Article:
Auriesville, New York
|Auriesville, New York|
|— Hamlet —|
|Elevation||312 ft (95 m)|
|Time zone||Eastern (EST) (UTC-5)|
|• Summer (DST)||EDT (UTC-4)|
|GNIS feature ID||942705|
Auriesville is a hamlet in the northeastern part of the town of Glen in Montgomery County, New York, United States, along the south bank of the Mohawk River. It lies about forty miles west of Albany, the state capital. A Jesuit cemetery is located there.
Auries was the name of the last Mohawk known to have lived there. Settlers named the village after him. The Mohawk called the place Ossernenon, also Gandawaga and Caughnawaga. The latter name was also given to a northern settlement on the St. Lawrence River opposite Lachine (later Montreal). Also known as Kahnawake, the Canadian settlement was founded by 1718 as a Jesuit mission for the Iroquois converts to Christianity who wanted to withdraw from 'moral corruption' by their pagan kinsmen.
Auriesville is the presumed site of the Mohawk village, located in Montgomery County, New York, in which Saint Isaac Jogues, and his companions, Saint René Goupil and Saint Jean de Lalande, were martyred by the Mohawk. Jogues and Goupil were brought from present-day Canada to the village on the Mohawk River in 1642 as prisoners. They were tortured and then enslaved by the Mohawk. Goupil was killed in 1642, but Jogues escaped and returned to France. He returned to the village on a peace mission with Lalande, a young lay brother. Jogues was killed on October 18, 1646. Lalande was killed the next day while trying to recover his body from the village path. In 1644 François-Joseph Bressani was tortured there, and later on, Joseph Poncet.
In 1655-57 Le Moyne came as ambassador to make peace. In 1666 the Marquis de Tracy conducted a punitive expedition against Ossernenon and other Mohawk villages. The next year in 1667, a permanent Jesuit mission was established. There Father Boniface, James de Lamberville, Jacques Frémin, Bruyas, Jean Pierron and others laboured until 1684, when the mission was destroyed. Kateri Tekakwitha, a Mohawk Indian woman who has been canonized by the Roman Catholic Church, was born there and baptized in nearby Fonda, New York. While the missionaries were in control of Ossernenon and the adjacent Indian towns, Blessed Kateri and other Mohawk converts, particularly the women, were remarkable for their exact Christian life, and in many instances for their exalted piety.
The exact location of this village, closely associated with the founding of Catholicism in New York, was for a time a subject of considerable dispute. Historians such as John Gilmary Shea and Gen. J. S. Clarke of Auburn had disagreed. They finally were able to show that the present Auriesville is the place in which Father Jogues and his companions suffered death. The basic evidence is the fact that, up to the time that the villages were destroyed by de Tracy, they were on the south side of the Mohawk and west of the Schoharie River. This was clear from contemporary maps, and from the letters of Jogues, Bressani, and Poncet.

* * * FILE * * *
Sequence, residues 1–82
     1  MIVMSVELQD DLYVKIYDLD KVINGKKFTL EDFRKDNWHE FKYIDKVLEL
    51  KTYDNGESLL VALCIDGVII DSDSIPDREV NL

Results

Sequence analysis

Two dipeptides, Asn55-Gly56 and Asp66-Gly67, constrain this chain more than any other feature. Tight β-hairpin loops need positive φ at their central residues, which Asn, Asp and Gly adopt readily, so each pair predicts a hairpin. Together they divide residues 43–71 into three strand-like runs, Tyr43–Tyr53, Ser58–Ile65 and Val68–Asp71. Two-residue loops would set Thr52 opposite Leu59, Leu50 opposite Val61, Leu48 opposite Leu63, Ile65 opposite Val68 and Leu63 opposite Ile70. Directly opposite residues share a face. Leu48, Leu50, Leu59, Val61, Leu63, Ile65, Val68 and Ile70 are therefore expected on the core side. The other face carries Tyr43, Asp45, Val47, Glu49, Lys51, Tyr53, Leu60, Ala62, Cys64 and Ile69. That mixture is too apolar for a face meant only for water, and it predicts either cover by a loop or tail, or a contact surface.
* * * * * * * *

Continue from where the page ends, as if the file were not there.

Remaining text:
Joliet, known to be an accurate cartographer, put the village of Ossernenon at the confluence of the Schoharie and Mohawk. Jogues had written that the village was on the top of a hill, a quarter of a league from the river. Jogues described the ravine in which Goupil's body was found, with features that were extant in the 19th century. Lastly, Jogues gave the distances from the villages of Andagaron and Tionontoguen, which fixed the locality.
In 1884, the Rev. Joseph Loyzance, S.J., then parish priest of St. Joseph's, Troy, New York, purchased 10 acres (40,000 m2) of land on the hill. A student of the lives of the early missionaries, Father Loyzance erected a small shrine under the title of Our Lady of Martyrs. He was the first to lead a number of pilgrims to the place, on 15 August of that year. It was the Feast of the Assumption, as well as the anniversary of the first arrival of Father Isaac Jogues as an Iroquois captive. Four thousand people went from Albany and Troy on that day.
Other parishes subsequently adopted the practice of visiting Auriesville during the summer. Frequently there were as many as 4,000 to 5,000 people present. Many of the pilgrims would come fasting, would pray and receive Holy Communion there. More ground was purchased and consecrated to keep the surroundings free from undesirable development. Following the canonization of St. Isaac Jogues in 1930, the National Shrine of the North American Martyrs was built there. A large coliseum-sanctuary was built on the grounds, capable of seating 6000 worshipers. The property now includes more than 400 acres (1.6 km2).
- This article incorporates text from a publication now in the public domain: Herbermann, Charles, ed. (1913). Catholic Encyclopedia. Robert Appleton Company. 
See also 
- The (U.S.) National Shrine of the North American Martyrs
- The (U.S.) National Kateri Shrine, in Fonda, New York